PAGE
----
Yay! I just got mine in the mail.
What’s great: media designation in every citation: “Print” or “Web” or “Radio” or whatever. No more required http:// etc. addresses. A great section on how to cite web publications, including Google Books. Lots of examples from online databases.
What’s even better: when you get a copy you get free access to mlahandbook.org. This is new. Log on, see the entire handbook, and more.
Questions: I see that “many writers, influenced by the look of typeset publications, now leave only one space after a concluding punctuation mark” (3.2.12), but student papers don’t look like typeset publications: two spaces really can help legibility. This doesn’t drop to error, but it would rise to a help.
But, meh. My issues here actually pertain to how most of us deploy the guide, in Microsoft Word. First, note that Times New Roman 12pt is the MLA’s suggested font (see 4.2). This is the standard font for business documents and for all government documents (since February of 2004) from memos to legal briefs to congressional bills.
Now, the Handbook‘s examples are all in what seems to be in some kind of sans serif font, I suppose because it is easy to distinguish from the text font. This is a bit confusing, but I can understand the reason for making a distinction.
The real problem here is in Microsoft Word, however, since Microsoft’s new default is now is Calibri. This difference is frustrating. Yes, yes, TNR can be set as a default style option. But university computers purge user-set defaults every time a user logs out. While students can learn how to adjust such things–every single time–why lay traps? You know, it’s not just MLA style here, Microsoft: Chicago 15 says, for typescripts, “Avoid sans serif fonts, since these do not clearly distinguish between 1, l, and I.” (See why?) I can understand that sans serif fonts are more legible on screens. Fine. But Word is primarily a means to create print documents. So, why create a problem where one didn’t exist?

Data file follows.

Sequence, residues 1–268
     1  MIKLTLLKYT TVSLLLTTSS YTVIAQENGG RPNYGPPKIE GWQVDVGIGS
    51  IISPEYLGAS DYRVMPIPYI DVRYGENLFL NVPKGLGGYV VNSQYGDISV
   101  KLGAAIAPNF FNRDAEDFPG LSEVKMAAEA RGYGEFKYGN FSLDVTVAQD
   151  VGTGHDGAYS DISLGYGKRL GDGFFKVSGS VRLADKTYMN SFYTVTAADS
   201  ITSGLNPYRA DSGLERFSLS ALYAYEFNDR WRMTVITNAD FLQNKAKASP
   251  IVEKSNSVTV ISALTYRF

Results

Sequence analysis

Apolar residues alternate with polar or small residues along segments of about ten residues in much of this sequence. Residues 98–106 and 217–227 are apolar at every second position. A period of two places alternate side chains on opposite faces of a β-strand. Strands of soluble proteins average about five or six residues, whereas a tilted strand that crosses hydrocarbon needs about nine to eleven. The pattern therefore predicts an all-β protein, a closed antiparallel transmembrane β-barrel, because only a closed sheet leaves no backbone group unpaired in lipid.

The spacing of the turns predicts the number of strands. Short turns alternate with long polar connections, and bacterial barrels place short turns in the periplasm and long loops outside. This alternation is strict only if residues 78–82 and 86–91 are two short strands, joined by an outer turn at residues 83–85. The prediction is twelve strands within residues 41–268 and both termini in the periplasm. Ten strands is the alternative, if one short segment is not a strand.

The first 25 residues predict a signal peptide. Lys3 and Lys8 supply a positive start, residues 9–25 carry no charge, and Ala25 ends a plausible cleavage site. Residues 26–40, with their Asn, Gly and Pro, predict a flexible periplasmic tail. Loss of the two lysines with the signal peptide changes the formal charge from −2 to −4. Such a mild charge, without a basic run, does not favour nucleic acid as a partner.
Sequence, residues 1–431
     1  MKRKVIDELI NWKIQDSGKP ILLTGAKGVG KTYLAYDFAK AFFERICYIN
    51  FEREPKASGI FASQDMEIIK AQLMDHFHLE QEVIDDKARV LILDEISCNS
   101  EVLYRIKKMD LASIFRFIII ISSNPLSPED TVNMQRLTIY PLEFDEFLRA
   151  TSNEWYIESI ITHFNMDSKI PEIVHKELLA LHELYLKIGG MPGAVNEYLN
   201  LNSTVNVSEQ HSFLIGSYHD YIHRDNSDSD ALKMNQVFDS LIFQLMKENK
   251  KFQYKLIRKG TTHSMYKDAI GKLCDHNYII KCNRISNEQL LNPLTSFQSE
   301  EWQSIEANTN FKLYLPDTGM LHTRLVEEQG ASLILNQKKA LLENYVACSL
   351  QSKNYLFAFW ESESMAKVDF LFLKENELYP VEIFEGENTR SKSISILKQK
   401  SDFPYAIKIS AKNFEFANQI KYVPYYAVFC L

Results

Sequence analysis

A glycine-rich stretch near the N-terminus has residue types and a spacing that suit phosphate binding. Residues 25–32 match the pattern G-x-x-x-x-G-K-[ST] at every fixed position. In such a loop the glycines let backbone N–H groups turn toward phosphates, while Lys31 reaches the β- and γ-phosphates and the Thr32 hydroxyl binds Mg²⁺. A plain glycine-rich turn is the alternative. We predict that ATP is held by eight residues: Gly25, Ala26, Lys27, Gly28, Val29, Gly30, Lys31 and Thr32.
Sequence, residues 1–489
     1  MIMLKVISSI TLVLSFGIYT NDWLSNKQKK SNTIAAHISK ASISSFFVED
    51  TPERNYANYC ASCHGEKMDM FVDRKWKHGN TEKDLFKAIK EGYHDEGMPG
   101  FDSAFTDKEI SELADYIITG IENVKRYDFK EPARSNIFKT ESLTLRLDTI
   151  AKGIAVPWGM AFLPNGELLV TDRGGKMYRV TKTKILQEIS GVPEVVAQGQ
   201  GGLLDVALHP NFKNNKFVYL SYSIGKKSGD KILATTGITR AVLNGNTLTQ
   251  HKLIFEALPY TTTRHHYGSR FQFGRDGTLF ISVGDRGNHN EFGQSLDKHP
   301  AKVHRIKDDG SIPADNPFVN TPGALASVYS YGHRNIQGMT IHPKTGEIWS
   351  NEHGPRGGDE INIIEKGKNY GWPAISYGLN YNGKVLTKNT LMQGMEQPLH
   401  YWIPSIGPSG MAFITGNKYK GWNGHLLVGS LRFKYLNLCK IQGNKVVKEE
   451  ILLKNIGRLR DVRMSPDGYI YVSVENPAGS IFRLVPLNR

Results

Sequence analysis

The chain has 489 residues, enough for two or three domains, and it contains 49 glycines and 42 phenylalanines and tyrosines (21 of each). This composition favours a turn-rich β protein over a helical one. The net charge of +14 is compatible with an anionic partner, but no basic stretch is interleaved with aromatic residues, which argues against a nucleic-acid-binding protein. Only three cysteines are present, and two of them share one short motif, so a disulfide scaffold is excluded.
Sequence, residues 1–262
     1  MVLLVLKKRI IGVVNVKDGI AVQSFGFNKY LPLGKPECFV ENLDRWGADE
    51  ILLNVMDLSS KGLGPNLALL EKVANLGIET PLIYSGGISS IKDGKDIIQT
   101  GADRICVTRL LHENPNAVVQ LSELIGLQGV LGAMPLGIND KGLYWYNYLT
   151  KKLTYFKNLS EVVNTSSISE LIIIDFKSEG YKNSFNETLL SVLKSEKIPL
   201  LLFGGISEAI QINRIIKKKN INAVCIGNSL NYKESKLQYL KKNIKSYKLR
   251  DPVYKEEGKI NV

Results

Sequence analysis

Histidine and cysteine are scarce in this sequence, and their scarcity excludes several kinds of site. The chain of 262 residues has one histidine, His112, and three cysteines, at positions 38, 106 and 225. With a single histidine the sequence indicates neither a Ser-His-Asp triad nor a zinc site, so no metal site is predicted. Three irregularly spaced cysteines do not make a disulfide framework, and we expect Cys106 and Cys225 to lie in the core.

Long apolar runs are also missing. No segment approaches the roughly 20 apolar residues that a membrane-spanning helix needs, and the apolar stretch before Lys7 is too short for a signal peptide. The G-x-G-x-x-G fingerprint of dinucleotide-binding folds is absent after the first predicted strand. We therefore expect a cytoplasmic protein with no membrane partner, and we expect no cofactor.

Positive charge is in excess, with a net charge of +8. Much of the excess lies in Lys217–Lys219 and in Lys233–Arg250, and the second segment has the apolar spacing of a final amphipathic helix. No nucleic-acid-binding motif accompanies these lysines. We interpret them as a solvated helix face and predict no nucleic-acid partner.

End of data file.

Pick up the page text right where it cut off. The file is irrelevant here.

Or, back to the MLA Handbook, note this: “set your word processor to double-space the entire research paper, including quotations, notes, and the list of works cited” (4.2). I really wish the ubiquitous Microsoft Word would listen to this. This is what format > paragraphs needs to look like to work:
See that little box? By default it’s unchecked, so it has to be checked to conform to MLA Style. “Spacing > After” needs to be “0 pt.”
No, I’m not going to compromise on a well-thought out style to conform to what very much seems to be a ploy to trademark a corporate style, especially when it ignores paper length by adding in gratuitous spaces and it conflicts with clear standards of print legibility and all standard style manuals. (At least, now, the default is back to 1″ margins). Again, it’s not just MLA that asks for this. I quote from Chicago 15: “Paper Manuscripts, or typescripts. . . . All copy must be vertically double-spaced” (2.6).
Why don’t you work with us here, Microsoft? Do you want to make us angry at you? Your arbitrary corporate mandate–against well-considered practices that dominate in schools, universities, government, and publishing–means that thousands of teachers and hundreds of thousands of students have to fight one more little irritation every single day. Thanks for that. You were criticized years ago for being difficult, and then again not so many years ago. Why is this so hard?